Does certification hurt your salary?

I mentioned a couple weeks ago that according to RedmondMag's annual salary survey, uncertified individuals have an average salary of $84,839 while their Microsoft certified counterparts have an average salary of $77,244.  This unexpected statistic generated several comments and questions, so today I want to drill down a little deeper on this topic.

First of all, it's more than just a statistical anomaly, because this is the fifth straight year that RedmondMag has noted this salary discrepancy between non-certified and certified.  In my opinion, there are two reasons for this discrepancy.

The first reason is that certification has been popular for only the last 15 years, and people in I.T. with more than 15 years experience are often not certified and these same people have typically advanced to manager/director/project lead/architect/CIO positions, which typically command a higher salary than a technician.

The second reason is mostly due to where the Microsoft fits into the Technology stack within the typical I.T. department.   For example, Windows desktop support and I.T. Service Desk are typically the entry level in an I.T. Department.  One step above that is Windows Systems Administration (server side).  Most other types of support staff found in the typical I.T. department, such as Unix Administrators and Network Engineers, are more highly paid than their Windows counterparts.   That's due mostly to supply and demand.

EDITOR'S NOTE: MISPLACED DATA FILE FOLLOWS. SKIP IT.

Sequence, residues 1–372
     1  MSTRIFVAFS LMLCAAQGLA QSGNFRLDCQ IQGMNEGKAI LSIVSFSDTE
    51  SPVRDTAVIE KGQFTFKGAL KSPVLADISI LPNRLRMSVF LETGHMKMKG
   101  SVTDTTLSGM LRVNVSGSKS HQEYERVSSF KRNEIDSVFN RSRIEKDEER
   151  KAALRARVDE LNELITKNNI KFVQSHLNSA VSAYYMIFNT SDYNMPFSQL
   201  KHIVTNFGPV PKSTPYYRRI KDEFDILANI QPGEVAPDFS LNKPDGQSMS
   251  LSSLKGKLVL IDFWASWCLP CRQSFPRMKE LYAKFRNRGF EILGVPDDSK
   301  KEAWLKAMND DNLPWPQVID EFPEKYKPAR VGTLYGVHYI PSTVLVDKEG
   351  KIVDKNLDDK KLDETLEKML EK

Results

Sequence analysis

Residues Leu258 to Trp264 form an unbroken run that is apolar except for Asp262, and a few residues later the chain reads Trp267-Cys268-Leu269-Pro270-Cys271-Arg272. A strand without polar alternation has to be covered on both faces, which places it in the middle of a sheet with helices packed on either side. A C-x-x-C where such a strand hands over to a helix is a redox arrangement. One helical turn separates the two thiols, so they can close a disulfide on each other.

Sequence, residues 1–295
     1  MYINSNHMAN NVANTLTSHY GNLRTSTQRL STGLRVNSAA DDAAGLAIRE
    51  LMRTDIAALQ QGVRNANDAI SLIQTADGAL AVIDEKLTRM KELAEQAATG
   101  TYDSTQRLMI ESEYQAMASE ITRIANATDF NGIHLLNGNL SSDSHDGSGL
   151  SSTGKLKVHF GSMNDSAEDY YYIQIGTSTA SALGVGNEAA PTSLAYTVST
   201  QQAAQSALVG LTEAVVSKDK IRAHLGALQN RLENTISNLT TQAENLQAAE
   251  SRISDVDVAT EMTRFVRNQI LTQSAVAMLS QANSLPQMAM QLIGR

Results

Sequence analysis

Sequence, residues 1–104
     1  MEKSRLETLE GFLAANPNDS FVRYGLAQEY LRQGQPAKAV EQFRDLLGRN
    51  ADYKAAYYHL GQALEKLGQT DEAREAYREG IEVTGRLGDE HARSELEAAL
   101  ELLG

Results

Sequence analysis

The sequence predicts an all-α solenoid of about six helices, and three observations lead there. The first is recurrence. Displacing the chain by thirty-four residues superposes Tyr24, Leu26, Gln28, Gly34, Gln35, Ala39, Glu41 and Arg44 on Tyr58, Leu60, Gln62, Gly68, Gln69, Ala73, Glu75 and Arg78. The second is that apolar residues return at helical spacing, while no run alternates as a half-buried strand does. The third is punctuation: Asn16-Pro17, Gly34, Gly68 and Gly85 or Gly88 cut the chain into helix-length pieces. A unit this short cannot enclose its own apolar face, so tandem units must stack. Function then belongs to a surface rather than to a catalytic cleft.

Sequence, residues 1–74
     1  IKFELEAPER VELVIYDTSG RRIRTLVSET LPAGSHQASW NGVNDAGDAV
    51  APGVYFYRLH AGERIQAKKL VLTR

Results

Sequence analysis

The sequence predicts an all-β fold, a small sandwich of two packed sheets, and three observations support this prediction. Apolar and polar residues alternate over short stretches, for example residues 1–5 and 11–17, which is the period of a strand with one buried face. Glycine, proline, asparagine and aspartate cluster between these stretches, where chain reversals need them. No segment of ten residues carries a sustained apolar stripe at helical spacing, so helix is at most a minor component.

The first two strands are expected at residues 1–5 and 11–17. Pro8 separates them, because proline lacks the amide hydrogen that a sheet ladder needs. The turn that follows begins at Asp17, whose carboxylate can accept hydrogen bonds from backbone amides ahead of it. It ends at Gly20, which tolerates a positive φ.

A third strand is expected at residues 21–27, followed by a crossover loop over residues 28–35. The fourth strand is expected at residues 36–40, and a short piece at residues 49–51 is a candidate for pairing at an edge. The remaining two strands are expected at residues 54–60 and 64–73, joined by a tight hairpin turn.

The supply of Windows support staff is always going to be greater, because of Microsoft's market share, and because a GUI interface is easier to learn than a non-GUI interface.    So many of the "non-certified" people in the salary survey that had higher salaries were individuals with different (non-Microsoft) skill sets.  Certification is not as popular in some high paying non-Microsoft technologies, such as open source application development (Java, PHP, XML, Ajax, etc.) and ERP application development.

If you have a Microsoft skill set, certification can definitely help you in the following ways:

  1. It can help you find a job, since many employers require certification (especially at the entry level).
  2. It can help you retain your job, since some employers, such as VAR's and channel partners, are required to keep a certain number of certified individuals on staff in order to maintain their good standing as a channel partner.
  3. An advanced certification, such as MCSE, MCAD, MCT, or one of the MCA (architect) certifications, can help you advance to a mid-level  or senior level position (and corresponding salary increase).
  4. Certification demonstrates your ongoing commitment to learning and keeping up with technology

So does achieving Microsoft certification hurt your salary?

Absolutely Not.

Does choosing a Microsoft-centric career hurt your long term earning power?

Possibly, unless you are also committed to diversify (see previous blog regarding that topic).


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